Prayer Has Spoiled Everything makes a valuable contribution to the small but substantial literature on bori as practiced in various parts of Africa. With its attention to bori as a living and changing religion that has responded to social developments, it can appeal to historians and anthropologists alike. From the perspective of Islamic studies, the book offers fascinating insights into a rural and small-town society in transition between local and transnational Muslim practice.” — Heather J. Sharkey , African Studies Review

“[A] fine addition to an increasingly dynamic anthropological literature on spirit possession . . . . The pages of the book are filled with local nuances—a testament to Masquelier’s skill as a fieldworker as well as her commitment to long-term study . . . . [A] significant contribution to the anthropology of religion and African studies.” — Paul Stoller , International Journal of African Historical Studies

“This intriguingly titled book is a rich ethnography and analysis of bori -- a term that refers to the spirit beings that inhabit the world of the Mawri people and the possession of practices surrounding them. . . . The most striking aspect of Masquelier’s book is the lushness of her ethnography -- particularly in her descriptions of the spirits themselves and the possession-related ceremonial activity. . . . Through ethnographic vignettes, she sketches an vivid picture of the daily life of the bori mediums and their relationship with their spirit inhabitants. . . . Masquelier’s book is a welcome addition to recent anthropological literature on possession, religion, and resistance.” — Erin Stiles , American Anthropologist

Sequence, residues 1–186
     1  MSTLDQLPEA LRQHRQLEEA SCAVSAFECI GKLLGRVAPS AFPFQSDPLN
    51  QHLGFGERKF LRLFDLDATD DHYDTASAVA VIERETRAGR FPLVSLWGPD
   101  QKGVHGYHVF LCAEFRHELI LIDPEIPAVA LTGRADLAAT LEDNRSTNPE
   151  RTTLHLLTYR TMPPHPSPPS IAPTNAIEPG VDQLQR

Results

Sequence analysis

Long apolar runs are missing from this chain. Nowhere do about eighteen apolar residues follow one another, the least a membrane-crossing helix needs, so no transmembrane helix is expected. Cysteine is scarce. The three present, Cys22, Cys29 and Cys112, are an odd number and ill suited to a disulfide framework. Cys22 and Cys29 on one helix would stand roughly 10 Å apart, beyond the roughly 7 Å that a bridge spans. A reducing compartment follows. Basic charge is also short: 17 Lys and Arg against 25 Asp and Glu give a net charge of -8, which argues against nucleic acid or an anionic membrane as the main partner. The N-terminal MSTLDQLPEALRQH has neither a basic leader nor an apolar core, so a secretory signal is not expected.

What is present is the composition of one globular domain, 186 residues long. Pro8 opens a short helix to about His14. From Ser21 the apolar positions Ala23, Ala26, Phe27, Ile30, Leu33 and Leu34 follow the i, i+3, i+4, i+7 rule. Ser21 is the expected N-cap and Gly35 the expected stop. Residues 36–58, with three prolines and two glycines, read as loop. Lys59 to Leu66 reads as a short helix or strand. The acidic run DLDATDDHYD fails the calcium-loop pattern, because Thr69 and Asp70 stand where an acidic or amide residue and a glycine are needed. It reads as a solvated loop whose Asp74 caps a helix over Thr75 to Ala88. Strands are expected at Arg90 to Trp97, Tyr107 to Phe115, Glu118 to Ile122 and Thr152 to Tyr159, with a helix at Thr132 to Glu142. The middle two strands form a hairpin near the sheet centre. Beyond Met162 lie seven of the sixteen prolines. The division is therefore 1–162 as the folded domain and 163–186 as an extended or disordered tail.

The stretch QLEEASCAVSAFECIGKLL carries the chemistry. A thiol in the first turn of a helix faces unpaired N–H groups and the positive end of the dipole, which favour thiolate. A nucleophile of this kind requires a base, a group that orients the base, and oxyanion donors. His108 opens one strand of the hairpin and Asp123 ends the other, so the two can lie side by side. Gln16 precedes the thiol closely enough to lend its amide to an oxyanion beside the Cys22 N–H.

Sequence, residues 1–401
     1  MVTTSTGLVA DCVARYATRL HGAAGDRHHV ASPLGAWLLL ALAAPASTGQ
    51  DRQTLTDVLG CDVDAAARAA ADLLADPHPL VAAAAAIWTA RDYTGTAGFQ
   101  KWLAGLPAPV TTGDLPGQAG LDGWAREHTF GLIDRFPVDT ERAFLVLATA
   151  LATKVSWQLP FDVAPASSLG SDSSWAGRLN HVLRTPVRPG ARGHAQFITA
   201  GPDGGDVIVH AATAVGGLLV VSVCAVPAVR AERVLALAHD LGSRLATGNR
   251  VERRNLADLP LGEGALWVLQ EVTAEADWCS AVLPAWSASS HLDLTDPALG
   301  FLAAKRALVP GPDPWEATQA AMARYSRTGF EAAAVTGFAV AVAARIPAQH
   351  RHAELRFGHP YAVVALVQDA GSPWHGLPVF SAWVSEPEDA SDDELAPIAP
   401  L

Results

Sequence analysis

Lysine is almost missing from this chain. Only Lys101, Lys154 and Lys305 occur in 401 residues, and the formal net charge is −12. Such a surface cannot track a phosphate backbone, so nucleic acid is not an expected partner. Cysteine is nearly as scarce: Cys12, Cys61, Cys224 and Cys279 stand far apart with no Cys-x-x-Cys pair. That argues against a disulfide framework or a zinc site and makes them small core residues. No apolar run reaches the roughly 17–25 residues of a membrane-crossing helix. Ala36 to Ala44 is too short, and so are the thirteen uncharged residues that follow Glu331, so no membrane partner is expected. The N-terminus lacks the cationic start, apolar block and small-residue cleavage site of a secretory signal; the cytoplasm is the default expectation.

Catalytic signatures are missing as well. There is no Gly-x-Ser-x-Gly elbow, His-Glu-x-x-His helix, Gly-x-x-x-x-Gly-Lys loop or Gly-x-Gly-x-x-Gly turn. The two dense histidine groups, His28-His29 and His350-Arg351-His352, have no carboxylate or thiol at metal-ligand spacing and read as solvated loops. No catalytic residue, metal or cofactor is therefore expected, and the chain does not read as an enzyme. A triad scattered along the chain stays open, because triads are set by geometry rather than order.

"Adeline Masquelier's Prayer Has Spoiled Everything is welcome both as an introduction to bori among the Mawri, a Hausaphone people of southwestern Niger, and as a review of francophone authors unknown to many hidebound Anglophones. . . . [C]ompelling." — Allen F. Roberts, Africa Today

"Masquelier has given us a sophisticated and ethnographically grounded work that offers much to studies of religion in northern Niger." — Brian Larkin, Journal of Religion